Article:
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First edition (publ. Harper & Row)

The Sound Pattern of English (frequently referred to as SPE) is a 1968 work on phonology (a branch of linguistics) by Noam Chomsky and Morris Halle. In spite of its title, it presents not only a view of the phonology of English, but also contains discussions of a large variety of phonological phenomena of many other languages. The index lists about 100 such languages. It has been very influential in both the field of phonology and in the analysis of the English language. Chomsky and Halle present a view of phonology as a linguistic subsystem, separate from other components of the grammar, that transforms an underlying phonemic sequence according to rules and produces as its output the phonetic form that is uttered by a speaker. The theory fits with the rest of Chomsky's early theories of language in the sense that it is transformational; as such it serves as a landmark in Chomsky's theories by adding a clearly articulated theory of phonology to his previous work which focused on syntax.


The Sound Pattern of English has had some influence on subsequent work. Derivatives of the theory have made modifications by changing the inventory of segmental features, considering some to be absent rather than having a positive or negative value, or adding complexity to the linear, segmental structure assumed by Chomsky and Halle. Its treatment of phonology as rules that operate on features, as well as its particular feature scheme, survive in various altered forms in many current theories of phonology. Some major successor theories include autosegmental phonology, lexical phonology and optimality theory.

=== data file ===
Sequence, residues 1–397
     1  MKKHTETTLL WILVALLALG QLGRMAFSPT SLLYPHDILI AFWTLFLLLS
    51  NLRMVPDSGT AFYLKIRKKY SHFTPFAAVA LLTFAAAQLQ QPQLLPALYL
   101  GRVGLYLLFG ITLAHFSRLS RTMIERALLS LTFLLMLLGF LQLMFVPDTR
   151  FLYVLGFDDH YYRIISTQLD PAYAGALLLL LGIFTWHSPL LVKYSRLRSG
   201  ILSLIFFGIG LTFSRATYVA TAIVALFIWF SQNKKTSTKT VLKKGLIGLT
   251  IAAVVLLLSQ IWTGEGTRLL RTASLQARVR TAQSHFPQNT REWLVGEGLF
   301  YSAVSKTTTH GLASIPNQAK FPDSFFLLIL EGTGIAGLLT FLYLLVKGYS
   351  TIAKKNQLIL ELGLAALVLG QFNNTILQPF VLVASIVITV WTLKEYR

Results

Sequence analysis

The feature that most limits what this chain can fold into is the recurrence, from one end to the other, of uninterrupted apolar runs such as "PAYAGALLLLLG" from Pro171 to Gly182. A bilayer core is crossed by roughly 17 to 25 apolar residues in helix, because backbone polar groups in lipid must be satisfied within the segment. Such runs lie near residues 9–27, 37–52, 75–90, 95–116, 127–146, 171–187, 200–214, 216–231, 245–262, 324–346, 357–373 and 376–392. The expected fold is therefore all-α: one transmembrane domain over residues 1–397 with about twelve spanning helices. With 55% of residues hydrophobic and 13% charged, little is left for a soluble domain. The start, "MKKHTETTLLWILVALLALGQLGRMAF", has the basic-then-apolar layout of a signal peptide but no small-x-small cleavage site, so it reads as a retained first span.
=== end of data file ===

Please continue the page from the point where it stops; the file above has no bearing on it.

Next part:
Chomsky and Halle represent speech sounds as bundles of plus-or-minus valued features (e.g. vocalic, high, back, anterior, nasal, etc.) The phonological component of each lexical entry is considered to be a linear sequence of these feature bundles. A number of context-sensitive rules transform the underlying form of a sequence of words into the final phonetic form that is uttered by the speaker. These rules are allowed access to the tree structure that the syntax is said to output. This access allows rules that apply, for example, only at the end of a word, or only at the end of a noun phrase.

The influence of SPE has led to rules of the form given in SPE, A→B / [precontext _ postcontext], often being called "SPE-style rules" or "SPE-type rules".[1]


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